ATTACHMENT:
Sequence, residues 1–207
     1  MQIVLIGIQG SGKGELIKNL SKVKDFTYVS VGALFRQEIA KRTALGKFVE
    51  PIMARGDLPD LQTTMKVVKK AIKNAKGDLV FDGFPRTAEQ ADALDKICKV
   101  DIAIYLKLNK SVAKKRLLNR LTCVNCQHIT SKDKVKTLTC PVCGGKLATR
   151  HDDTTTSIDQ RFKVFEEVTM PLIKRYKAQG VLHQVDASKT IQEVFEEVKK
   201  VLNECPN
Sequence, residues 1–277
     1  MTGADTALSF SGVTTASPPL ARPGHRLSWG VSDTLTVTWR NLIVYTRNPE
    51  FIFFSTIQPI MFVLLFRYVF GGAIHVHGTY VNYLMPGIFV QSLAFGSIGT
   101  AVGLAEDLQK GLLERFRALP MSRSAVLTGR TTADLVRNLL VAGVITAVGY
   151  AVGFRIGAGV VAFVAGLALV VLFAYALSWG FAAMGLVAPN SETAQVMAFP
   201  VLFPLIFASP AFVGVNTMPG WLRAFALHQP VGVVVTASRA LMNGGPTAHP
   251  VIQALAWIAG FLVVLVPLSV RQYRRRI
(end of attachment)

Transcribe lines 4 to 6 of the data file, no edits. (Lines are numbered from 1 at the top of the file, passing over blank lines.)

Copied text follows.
   101  DIAIYLKLNK SVAKKRLLNR LTCVNCQHIT SKDKVKTLTC PVCGGKLATR
   151  HDDTTTSIDQ RFKVFEEVTM PLIKRYKAQG VLHQVDASKT IQEVFEEVKK
   201  VLNECPN